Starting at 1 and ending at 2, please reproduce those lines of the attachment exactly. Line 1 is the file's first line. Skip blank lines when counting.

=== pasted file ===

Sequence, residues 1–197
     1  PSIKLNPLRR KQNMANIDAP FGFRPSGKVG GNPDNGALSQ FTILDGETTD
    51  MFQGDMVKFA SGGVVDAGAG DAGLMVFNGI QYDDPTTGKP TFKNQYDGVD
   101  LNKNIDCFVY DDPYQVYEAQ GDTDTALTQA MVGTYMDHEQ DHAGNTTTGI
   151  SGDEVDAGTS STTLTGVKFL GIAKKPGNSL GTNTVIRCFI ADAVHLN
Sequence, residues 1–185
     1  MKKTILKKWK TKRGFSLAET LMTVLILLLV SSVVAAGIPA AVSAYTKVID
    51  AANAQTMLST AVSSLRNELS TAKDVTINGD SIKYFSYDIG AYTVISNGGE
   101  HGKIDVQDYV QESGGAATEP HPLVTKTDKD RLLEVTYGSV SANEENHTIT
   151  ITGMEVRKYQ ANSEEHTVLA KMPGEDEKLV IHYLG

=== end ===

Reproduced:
Sequence, residues 1–197
     1  PSIKLNPLRR KQNMANIDAP FGFRPSGKVG GNPDNGALSQ FTILDGETTD